# Kerodon

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### 10.2.4 Quotient Morphisms

Let $X$ and $Y$ be sets, and let $f: X \rightarrow Y$ be a function. The function $f$ determines an equivalence relation $\equiv _{f}$ on $X$, defined by the requirement

$(x \equiv _{f} x' ) \Leftrightarrow ( f(x) = f(x') ).$

If $f$ is surjective, then it induces an bijection from $X / \equiv _{f}$ to $Y$. Stated in more categorical terms, this means that for every set $S$, composition with $f$ induces a bijection

$\xymatrix@R =50pt@C=50pt{ \{ \textnormal{Functions Y \rightarrow S} \} \ar [d] \\ \{ \textnormal{Functions g: X \rightarrow S satisfying g(x) = g(x') when f(x) = f(x')} \} . }$

Our goal in this section is to study an $\infty$-categorical counterpart of this condition.

Definition 10.2.4.1. Let $\operatorname{\mathcal{C}}$ be an $\infty$-category, let $f: X \rightarrow Y$ be a morphism of $\operatorname{\mathcal{C}}$, and let $\operatorname{\mathcal{C}}^{0}_{/Y} \subseteq \operatorname{\mathcal{C}}_{/Y}$ be the sieve generated by $f$ (see Example 10.2.1.15). We will say that $f$ is a quotient morphism if the composite map

$(\operatorname{\mathcal{C}}^{0}_{/Y})^{\triangleright } \hookrightarrow (\operatorname{\mathcal{C}}_{/Y})^{\triangleright } \rightarrow \operatorname{\mathcal{C}}$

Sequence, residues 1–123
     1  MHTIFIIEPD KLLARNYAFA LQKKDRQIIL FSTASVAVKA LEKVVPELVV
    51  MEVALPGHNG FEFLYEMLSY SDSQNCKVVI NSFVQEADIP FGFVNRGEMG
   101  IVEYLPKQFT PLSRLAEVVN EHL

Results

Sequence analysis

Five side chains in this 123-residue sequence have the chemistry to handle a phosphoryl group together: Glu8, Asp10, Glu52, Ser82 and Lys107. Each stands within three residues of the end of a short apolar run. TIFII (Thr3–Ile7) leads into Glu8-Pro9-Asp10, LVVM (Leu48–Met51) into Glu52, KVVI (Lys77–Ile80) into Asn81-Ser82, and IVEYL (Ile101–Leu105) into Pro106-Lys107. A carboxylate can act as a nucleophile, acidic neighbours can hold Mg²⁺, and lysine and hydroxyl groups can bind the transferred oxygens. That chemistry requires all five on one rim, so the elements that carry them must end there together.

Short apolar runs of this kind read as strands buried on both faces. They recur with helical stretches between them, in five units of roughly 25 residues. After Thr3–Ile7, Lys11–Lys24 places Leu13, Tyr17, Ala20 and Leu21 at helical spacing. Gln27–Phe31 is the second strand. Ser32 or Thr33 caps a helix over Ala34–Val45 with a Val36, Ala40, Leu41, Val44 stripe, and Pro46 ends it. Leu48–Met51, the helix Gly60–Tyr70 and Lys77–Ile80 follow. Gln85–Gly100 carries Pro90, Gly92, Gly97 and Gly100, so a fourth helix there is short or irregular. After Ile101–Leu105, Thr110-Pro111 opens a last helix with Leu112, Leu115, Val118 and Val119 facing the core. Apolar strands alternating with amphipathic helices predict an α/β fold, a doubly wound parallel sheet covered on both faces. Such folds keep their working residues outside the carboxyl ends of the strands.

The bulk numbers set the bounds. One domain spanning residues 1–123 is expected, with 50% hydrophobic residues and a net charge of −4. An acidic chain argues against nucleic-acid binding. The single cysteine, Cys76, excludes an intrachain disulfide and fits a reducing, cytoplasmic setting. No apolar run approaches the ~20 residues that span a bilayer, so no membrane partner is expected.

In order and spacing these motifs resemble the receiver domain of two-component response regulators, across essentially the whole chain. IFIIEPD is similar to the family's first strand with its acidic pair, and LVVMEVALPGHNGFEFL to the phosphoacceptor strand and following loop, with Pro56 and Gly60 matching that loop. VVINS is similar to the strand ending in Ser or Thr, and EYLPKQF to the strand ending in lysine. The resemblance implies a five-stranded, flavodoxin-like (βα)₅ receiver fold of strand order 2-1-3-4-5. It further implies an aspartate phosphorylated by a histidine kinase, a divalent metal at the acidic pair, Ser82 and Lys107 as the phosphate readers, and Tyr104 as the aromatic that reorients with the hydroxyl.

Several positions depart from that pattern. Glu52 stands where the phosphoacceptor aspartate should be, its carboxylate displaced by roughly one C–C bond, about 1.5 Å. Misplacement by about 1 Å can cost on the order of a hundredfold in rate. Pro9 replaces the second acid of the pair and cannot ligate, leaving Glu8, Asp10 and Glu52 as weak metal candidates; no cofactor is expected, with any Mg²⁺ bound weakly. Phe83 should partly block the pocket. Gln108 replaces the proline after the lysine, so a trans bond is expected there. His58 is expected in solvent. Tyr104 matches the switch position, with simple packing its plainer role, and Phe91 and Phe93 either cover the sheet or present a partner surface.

is a colimit diagram in the $\infty$-category $\operatorname{\mathcal{C}}$.

Notation 10.2.4.2. Let $\operatorname{\mathcal{C}}$ be an $\infty$-category and let $f$ be a morphism of $\operatorname{\mathcal{C}}$ having source $X$ and target $Y$. If $f$ is a quotient morphism, we will often visually emphasize this by denoting $f$ with a double-headed arrow (that is, we will write $f: X \twoheadrightarrow Y$ in place of $f: X \rightarrow Y$). Beware that this notation does not indicate that $f$ is an epimorphism (see Warning 10.2.4.10).

Exercise 10.2.4.3. Let $\operatorname{\mathcal{C}}$ be an $\infty$-category. Show that every isomorphism in $\operatorname{\mathcal{C}}$ is a quotient morphism (see Example 10.2.6.3 for a stronger statement).

Stated more informally, a morphism $f: X \rightarrow Y$ is a quotient morphism if the object $Y$ can be recovered as the colimit $\varinjlim _{C \rightarrow Y} C$, indexed by the $\infty$-category of morphisms $g: C \rightarrow Y$ which factor through $f$. If the $\infty$-category $\operatorname{\mathcal{C}}$ admits fiber products, this condition admits a more concrete formulation.

Proposition 10.2.4.4. Let $\operatorname{\mathcal{C}}$ be an $\infty$-category and let $f: X \rightarrow Y$ be a morphism of $\operatorname{\mathcal{C}}$ which admits a Čech nerve $\operatorname{\check{C}}(X/Y)_{\bullet }: \operatorname{N}_{\bullet }( \operatorname{{\bf \Delta }}^{\operatorname{op}}_{+} ) \rightarrow \operatorname{\mathcal{C}}$ (see Definition 10.1.4.12). Then $f$ is a quotient morphism if and only if $\operatorname{\check{C}}_{\bullet }(X/Y)$ is a colimit diagram in $\operatorname{\mathcal{C}}$.

Stated more informally, Proposition 10.2.4.4 asserts that $f: X \rightarrow Y$ is a quotient morphism if and only if it exhibits $Y$ as a geometric realization of the simplicial object depicted in the diagram

$\xymatrix@C =50pt@R=50pt{ \cdots \ar@ <.4ex>[r] \ar@ <-.4ex>[r] \ar@ <1.2ex>[r] \ar@ <-1.2ex>[r] & X \times _{Y} X \times _{Y} X \ar@ <.8ex>[r] \ar@ <-.8ex>[r] \ar [r] & X \times _{Y} X \ar@ <.4ex>[r] \ar@ <-.4ex>[r] & X. }$

The proof will require some preliminaries.